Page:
Filter 14 Filter 17

Filter 15 Filter 18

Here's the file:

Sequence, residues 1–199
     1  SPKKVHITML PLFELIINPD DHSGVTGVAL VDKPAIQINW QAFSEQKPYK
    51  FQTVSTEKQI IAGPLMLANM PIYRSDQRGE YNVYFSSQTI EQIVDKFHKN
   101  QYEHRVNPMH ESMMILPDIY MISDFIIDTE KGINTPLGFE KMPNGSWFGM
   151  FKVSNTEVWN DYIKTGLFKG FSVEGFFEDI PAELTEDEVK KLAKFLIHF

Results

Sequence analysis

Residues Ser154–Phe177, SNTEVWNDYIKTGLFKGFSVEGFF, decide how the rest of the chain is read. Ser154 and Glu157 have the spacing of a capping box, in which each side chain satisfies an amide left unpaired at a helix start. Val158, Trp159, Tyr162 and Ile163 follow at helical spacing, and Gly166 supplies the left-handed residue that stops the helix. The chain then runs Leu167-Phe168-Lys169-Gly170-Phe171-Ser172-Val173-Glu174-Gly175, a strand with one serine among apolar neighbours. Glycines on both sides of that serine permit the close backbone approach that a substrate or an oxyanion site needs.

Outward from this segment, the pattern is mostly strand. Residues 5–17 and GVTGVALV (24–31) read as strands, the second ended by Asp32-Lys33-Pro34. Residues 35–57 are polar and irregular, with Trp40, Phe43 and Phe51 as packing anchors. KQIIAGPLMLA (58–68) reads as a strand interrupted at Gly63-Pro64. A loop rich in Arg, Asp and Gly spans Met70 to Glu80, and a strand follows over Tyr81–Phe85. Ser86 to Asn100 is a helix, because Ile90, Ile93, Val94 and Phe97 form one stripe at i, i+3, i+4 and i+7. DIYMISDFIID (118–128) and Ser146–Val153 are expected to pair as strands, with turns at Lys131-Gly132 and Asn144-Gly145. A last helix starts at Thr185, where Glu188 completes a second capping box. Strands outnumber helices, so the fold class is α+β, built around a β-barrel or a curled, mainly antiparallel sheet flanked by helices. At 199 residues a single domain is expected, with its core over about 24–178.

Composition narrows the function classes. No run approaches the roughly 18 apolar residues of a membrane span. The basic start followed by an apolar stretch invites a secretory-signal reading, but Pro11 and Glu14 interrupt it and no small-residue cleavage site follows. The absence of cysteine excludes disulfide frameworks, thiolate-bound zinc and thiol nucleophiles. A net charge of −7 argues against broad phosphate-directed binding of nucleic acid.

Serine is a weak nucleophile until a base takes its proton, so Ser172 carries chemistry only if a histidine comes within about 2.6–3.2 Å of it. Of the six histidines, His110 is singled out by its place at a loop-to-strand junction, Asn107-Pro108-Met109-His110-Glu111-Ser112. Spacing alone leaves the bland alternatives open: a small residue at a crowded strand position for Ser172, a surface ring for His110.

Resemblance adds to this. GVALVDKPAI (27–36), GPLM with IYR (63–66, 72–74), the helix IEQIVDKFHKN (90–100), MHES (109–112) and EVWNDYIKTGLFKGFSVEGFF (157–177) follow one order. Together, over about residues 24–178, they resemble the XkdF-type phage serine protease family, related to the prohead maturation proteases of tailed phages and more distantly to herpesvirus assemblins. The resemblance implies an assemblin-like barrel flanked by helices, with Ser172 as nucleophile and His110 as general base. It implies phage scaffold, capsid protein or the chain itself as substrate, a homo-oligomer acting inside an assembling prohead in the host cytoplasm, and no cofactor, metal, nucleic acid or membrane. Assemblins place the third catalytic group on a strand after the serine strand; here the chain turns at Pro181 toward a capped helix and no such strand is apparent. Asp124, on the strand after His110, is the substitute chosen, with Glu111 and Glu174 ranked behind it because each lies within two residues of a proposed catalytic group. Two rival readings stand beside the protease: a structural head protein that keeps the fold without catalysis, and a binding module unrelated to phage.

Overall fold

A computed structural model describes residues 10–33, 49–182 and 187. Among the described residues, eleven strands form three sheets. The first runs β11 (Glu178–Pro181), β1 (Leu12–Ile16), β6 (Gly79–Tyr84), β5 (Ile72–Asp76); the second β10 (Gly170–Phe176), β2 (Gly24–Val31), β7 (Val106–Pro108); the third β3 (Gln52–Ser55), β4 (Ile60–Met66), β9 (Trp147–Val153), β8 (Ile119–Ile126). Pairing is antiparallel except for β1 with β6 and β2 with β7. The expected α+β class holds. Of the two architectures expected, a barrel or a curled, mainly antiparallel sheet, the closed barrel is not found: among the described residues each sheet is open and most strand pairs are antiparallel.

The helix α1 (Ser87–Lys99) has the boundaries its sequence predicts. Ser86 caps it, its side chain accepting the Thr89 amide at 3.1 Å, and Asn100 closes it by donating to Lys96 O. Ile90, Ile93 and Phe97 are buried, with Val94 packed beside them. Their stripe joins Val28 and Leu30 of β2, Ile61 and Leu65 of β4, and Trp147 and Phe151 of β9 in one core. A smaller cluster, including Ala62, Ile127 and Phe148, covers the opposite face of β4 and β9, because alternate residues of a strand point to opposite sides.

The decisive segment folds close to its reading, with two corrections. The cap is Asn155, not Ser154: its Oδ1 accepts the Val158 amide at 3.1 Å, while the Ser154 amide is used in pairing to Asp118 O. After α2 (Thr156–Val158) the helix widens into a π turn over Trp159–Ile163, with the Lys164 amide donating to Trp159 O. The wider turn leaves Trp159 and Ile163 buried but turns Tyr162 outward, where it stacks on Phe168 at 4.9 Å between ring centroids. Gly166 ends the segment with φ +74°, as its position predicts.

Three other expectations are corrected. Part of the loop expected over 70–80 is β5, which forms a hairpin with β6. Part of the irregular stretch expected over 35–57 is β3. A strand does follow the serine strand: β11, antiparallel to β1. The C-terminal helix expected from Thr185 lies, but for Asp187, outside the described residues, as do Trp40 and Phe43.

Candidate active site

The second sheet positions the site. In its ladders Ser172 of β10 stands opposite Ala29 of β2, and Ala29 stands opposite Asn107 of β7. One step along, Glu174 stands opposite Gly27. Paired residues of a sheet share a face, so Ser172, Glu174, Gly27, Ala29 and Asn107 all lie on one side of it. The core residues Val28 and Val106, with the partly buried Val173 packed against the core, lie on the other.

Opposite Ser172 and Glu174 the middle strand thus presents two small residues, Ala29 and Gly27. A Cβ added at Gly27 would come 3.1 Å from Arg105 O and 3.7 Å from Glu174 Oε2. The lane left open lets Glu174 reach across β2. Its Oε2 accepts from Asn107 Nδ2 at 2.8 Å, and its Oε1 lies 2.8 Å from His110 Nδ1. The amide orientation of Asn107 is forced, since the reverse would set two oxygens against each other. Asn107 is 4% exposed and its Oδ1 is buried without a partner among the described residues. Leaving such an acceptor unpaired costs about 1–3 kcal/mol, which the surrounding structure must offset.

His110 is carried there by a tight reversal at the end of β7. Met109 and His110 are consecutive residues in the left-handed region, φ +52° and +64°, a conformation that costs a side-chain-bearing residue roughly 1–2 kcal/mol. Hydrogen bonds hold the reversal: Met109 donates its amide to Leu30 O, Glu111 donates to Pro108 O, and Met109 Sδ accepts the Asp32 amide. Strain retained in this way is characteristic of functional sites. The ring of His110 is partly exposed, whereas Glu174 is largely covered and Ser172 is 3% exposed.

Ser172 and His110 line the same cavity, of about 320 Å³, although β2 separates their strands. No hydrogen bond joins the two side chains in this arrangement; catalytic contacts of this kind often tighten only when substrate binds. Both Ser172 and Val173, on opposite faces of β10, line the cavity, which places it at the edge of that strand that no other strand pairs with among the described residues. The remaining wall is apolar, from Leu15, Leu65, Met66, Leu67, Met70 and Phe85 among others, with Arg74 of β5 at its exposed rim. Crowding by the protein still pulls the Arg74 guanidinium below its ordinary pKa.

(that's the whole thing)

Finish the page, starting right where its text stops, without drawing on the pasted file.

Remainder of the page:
Performance evaluation of FK representative radial flow HEPA filters will be accomplished using three different test aerosols. Carbon black powder (CanCarb N991 thermal carbon black powder) with a mean particle size of 280 nm and mass median diameter (MMD) of ~2µm will be utilized as one challenge aerosol. Alumina, Al(OH)3, with an aerodynamic mass median diameter of 0.3 m will be the second aerosol used in these tests. The third aerosol will be Arizona Test Dust ISO 12103-1 A1, Ultrafine Test Dust, Powder Technology Inc, or an equivalent test simulant for 5-10 micron size. Test stand flow rates used will be 2000 cfm (56.63 m3/min) ± 0 ­ 10% for each representative radial flow HEPA filter. The filters will be intermittently loaded until the desired pressure drop is obtained or until the end of a workday is reached. Projections estimate 4,000 g of the Arizona test dust, 1,000 g of the carbon black and about 150 g of the alumina to reach 10 in. w.c. (2.5 kPa) of pressure drop. Another 30 ­ 50% of this mass is expected to load the filters to 40 in. w.c. (10 kPa) of pressure drop or to the rupture point. Aerosol concentrations for the different aerosols will be adjusted to complete a filter loading within three days. Aerosol concentrations will be measured upstream of the filter(s) utilizing three instruments: (1) Scanning Mobility Particle Sizer or SMPS (TSI Model 3936), (2) Aerodynamic Particle Sizer or APS (TSI Model 3321), and (3) Electrical Low Pressure Impactor or ELPI (Dekati). In addition, an inertial impactor will be used to characterize the aerosol mass size distribution to provide comparable measurements to previous loading studies. Since the filter loading consists of measurements of pressure drop as a function of particle mass accumulation, all particle size measurements will be converted to a mass-size distribution. Downstream particle concentration and size will be measured with a Laser Particle Counter or LPC (Particle Measuring System Model LPC-0710) and a Condensation Particle Counter or CPC (TSI Model 3010) for the initial